Bennington Center for the Arts
Native American Art at Bennington Center for the Arts
The world is the American Southwest, whose canyons, mesas, and high deserts have been the home of the Navaho, Hopi, and Zuni peoples for more than five hundred years. As guests move through the Center's galleries, the bold geometric designs of Navaho weaving, the graceful forms of Pueblo pottery, and the exotic Kachina dancers of the Hopi people convey the richness and mystery of their native cultures. These varied collections are complemented by the Center's collection of Southwestern landscape paintings, depicting the sacred ancestral homelands of the artisans; the Grand Canyon and Canyon de Chelly in northern Arizona, the spires and mesas of Monument Valley, and the pueblo house-cities of New Mexico.
"We're very proud of the Navaho weavings," says BCA Gallery Director Elizabeth Small. "This collection is one of the most comprehensive in the country. The rugs and blankets come from all regions within the Navaho Nation, and we have examples of most of the historical patterns and well-known weavers." Indeed, some of the blankets date to the 1890s, while others were made during the 1990s. The energy of a desert thunderstorm seems to crackle through many of the pieces, woven in traditional styles such as "Storm Pattern," "Whirling Logs," and "Eye Dazzler."
The Zuni and Hopi pueblos of New Mexico produce the mysteriously, finely painted pottery, made from the warm orange clay of the Four Corners region. As Elizabeth Small wonders, "How can such exquisite bowls be created from earth, powdered stones and yucca brushes in a dung fire?" The only possible answer is surely, "Practice!" Some of the best potters, usually women, have been working at their craft for 30 and 40 years, learned from their mothers and grandmothers before them.
The Kachina figures, carved in Cottonwood root and other woods and brightly painted by the Hopi artisan, also transmit a mysterious energy. These supernatural spirit beings are believed to act as intermediaries, bringing rain, plentiful harvests, and harmony from the gods to the Hopi people. Dancers impersonate these beings by taking on the Kachina spirit's mask and costume, and by performing its unique song; these ceremonies bring the Kachina's blessings into the Hopi village. Each carved figure depicts one of these dancing spirits, and is often presented to a Hopi girl by her father or uncle. The BCA's collection of some 50 Kachinas ranges from the Eagle and Snake Dancers to the Mud Head Clowns. Whether frightening, graceful, or comical, they show the variety of emotional connections of the Hopis to their unforgiving and beautiful land.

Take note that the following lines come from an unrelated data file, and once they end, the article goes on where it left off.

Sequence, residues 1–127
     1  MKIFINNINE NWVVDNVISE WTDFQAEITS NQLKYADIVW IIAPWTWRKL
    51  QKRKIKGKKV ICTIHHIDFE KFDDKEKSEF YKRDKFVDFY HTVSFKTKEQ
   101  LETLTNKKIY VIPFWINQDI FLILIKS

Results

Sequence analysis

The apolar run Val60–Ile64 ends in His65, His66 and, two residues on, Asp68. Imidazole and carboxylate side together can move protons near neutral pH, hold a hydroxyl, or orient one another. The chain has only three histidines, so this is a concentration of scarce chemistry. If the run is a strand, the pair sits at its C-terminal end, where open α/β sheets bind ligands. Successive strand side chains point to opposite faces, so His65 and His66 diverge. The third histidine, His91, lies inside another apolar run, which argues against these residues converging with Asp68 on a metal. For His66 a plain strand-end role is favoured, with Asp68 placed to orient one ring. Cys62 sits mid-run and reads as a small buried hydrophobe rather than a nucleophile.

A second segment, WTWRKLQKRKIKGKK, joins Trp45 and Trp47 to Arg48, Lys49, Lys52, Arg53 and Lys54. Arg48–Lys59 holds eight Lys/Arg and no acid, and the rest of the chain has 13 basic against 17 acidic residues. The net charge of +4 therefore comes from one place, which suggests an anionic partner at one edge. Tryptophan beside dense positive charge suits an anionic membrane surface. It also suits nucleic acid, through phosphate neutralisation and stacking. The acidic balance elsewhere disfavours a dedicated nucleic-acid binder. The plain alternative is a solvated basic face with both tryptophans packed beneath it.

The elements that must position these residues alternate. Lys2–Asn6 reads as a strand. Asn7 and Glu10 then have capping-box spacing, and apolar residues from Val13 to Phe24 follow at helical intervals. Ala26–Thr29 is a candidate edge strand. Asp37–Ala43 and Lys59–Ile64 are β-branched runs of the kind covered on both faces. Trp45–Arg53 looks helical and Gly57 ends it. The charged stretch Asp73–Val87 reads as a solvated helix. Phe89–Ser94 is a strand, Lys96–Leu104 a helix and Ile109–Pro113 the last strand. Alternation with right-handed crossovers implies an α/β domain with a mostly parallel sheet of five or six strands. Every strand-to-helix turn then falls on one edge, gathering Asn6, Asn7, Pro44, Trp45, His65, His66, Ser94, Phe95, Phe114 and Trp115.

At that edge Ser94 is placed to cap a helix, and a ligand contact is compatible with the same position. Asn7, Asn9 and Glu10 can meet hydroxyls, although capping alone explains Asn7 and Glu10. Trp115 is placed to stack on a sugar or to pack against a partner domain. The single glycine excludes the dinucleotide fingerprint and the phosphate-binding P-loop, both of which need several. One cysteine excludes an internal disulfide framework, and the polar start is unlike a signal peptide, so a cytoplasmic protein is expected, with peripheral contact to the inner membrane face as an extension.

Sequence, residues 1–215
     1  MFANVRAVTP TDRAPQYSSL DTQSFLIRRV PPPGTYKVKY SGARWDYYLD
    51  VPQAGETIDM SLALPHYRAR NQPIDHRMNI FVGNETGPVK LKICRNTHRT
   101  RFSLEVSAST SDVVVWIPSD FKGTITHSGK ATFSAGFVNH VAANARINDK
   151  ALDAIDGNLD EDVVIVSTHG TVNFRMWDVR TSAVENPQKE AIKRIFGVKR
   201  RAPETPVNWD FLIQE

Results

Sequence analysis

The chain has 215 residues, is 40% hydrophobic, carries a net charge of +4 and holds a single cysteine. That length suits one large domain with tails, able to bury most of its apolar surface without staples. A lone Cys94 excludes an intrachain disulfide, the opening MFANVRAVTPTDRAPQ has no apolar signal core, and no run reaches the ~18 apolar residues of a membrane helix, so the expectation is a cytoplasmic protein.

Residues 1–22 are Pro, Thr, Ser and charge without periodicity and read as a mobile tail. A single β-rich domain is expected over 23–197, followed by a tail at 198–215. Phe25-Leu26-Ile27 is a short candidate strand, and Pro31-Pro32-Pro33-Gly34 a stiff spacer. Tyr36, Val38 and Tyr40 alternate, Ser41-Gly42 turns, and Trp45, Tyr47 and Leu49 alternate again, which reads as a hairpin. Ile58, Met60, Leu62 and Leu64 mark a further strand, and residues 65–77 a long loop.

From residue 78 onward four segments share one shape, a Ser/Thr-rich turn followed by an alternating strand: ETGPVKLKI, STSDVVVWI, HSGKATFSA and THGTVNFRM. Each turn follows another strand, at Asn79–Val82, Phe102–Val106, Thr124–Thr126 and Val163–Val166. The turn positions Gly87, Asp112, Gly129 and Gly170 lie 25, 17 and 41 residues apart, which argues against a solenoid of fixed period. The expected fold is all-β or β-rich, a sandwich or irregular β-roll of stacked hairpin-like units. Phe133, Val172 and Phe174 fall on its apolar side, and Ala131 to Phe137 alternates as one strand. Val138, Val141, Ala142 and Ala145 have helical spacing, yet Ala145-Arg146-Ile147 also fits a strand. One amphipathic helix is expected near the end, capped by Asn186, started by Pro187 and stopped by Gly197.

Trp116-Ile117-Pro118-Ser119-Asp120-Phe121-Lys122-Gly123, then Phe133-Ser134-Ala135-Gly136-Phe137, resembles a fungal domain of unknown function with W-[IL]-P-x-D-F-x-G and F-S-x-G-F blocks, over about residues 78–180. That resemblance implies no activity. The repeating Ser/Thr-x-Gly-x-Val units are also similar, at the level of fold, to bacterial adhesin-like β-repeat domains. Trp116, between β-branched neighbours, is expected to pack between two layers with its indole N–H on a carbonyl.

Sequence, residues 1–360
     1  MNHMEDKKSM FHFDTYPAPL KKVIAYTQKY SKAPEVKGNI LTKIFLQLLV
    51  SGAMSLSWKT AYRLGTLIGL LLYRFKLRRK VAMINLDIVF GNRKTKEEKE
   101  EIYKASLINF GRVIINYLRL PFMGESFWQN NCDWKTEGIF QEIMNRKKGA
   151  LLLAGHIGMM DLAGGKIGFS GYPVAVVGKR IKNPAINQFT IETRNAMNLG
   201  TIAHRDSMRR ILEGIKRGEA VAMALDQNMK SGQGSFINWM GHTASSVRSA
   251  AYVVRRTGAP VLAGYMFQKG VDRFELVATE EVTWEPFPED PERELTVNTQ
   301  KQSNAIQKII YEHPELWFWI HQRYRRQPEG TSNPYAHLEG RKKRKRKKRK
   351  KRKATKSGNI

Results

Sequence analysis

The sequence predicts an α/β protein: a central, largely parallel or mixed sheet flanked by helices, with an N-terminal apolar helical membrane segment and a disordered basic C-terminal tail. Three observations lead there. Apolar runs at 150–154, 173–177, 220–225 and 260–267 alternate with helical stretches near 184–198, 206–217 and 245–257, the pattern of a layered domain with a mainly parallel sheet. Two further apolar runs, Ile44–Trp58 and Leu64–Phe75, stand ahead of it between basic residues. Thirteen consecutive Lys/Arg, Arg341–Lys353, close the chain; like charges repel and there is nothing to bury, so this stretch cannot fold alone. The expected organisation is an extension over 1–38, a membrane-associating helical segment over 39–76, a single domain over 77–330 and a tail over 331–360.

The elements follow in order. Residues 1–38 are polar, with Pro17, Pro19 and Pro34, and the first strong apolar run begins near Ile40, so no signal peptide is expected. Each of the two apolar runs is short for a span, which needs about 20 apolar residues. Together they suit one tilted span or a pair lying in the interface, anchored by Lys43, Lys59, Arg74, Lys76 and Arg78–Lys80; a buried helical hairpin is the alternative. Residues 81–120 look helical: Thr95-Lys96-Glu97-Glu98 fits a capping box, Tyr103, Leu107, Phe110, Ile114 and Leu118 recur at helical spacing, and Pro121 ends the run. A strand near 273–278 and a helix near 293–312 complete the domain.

The Native American collections are on display at the Bennington Center for the Arts throughout its Fall exhibition season, which opens September 25 and concludes October 17, 1999. Visiting exhibits of wildlife art, the paintings of nationally-known women artists, and "plein-air" landscape painting complement the permanent exhibits.
Images from top to bottom: BCA Gallery, Photo by Hubert Schriebl, Vermont Magazine; Pottery with Parrot Figure, Acoma Pueblo; Weaving, Storm Pattern, Navajo Nation; Eagle Dancer Kachina, Hopi Nation
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Search for more articles and essays on American art in Resource Library. See America's Distinguished Artists for biographical information on historic artists.
This page was originally published in 1999 in Resource Library Magazine. Please see Resource Library's Overview section for more information.
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